Whoever said that turtles move slowly has clearly never met Diego. The Galapagos tortoise, who is over 100 years old, has brought his species back from the brink of extinction by fathering over 800 offspring. And you thought the Octomom had her hands full!

Diego's breed (Chelonoidis hoodensis) was in a dire place just 50 years ago, with only 14 tortoises left --- two males and 12 females who were too spread out to breed. (Futurama even depicted the difficulty of this spread apart tortoise breeding in an episode.) But today, around 2,000 tortoises of the breed are roaming their homeland of Espanola, the southernmost island in the Galapagos, thanks largely to the tireless efforts of Diego, reports AFP. The sexually active tortoise has spawned a whopping 40 percent of his species' current population, making him the father of an estimated 800 tortoises, according to Washington Tapia, a specialist at Galapagos National Park.

We did a genetic study and we discovered that he was the father of nearly 40 percent of the offspring released into the wild on Espanola.

Years back, after reports that the Chelonoidis hoodensis species was in serious danger of disappearing, scientists combed zoos across the world in search of more members of this rare tortoise breed. They wound up discovering Diego in the San Diego Zoo (his namesake) and returning him to a breeding program in the Galapagos in 1976. Though he'd been breeding seemingly non-stop since then, it wasn't until about six years back that scientists performed a genetic study on the growing population and realized just how potent Diego really is. He currently still resides in the Galapagos breeding facility with six female mates.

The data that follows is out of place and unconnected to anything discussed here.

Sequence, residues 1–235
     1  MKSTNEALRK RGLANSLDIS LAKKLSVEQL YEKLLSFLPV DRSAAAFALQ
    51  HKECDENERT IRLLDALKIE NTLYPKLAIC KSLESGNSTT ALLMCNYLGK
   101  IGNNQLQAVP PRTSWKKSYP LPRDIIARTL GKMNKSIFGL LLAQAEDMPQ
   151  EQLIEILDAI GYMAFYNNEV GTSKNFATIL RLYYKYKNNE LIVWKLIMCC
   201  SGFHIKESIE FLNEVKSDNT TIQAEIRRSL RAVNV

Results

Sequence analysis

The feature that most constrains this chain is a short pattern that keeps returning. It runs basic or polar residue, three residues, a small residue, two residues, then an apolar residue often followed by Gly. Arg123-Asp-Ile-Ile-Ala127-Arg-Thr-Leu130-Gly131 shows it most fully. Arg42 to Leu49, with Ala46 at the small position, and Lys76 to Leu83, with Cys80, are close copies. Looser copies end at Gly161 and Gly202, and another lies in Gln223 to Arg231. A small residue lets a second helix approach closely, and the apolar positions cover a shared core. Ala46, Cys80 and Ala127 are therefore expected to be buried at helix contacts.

Master of Disguise Dana Carvey

Thanks to Diego's lusty libido, the tortoise species is no longer considered to be facing extinction, although scientists are still trying to increase population to a healthier level, pointing out that there have historically been around 5,000 Chelonoidis hoodensis tortoises on Espanola. But the outlook is good, as the population continues to grow due in large part to Diego.

Unfortunately, some other tortoise species aren't as lucky as Diego's. The various tortoise species of the Galapagos islands were made famous centuries back when Charles Darwin catalogues their impressive biodiversity, but nearly all of their populations have dwindled since then. The Chelonoidis abingdoni species went completely extinct just recently when its final remaining member died in 2012. Known as Lonesome George, the male tortoise was over 100 and refused to breed for years before his death. Likewise, two other Galapagos tortoise species went extinct a couple centuries back, leaving 12 species that are still roaming around the islands.

Diego's reproductive prowess has been a positive anomaly in the slowly dying tortoise species of the Galapagos. Hopefully some of his passion for breeding rubs off on his shelled cousins.

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